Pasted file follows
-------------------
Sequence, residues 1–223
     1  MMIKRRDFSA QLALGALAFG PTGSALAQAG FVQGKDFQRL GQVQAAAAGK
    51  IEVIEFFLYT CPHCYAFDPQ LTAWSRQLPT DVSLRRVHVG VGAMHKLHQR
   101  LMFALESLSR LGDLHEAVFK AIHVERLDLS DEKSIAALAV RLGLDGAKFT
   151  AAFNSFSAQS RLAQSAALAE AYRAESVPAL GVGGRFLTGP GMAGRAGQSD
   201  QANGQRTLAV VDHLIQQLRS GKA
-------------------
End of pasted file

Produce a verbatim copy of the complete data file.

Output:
Sequence, residues 1–223
     1  MMIKRRDFSA QLALGALAFG PTGSALAQAG FVQGKDFQRL GQVQAAAAGK
    51  IEVIEFFLYT CPHCYAFDPQ LTAWSRQLPT DVSLRRVHVG VGAMHKLHQR
   101  LMFALESLSR LGDLHEAVFK AIHVERLDLS DEKSIAALAV RLGLDGAKFT
   151  AAFNSFSAQS RLAQSAALAE AYRAESVPAL GVGGRFLTGP GMAGRAGQSD
   201  QANGQRTLAV VDHLIQQLRS GKA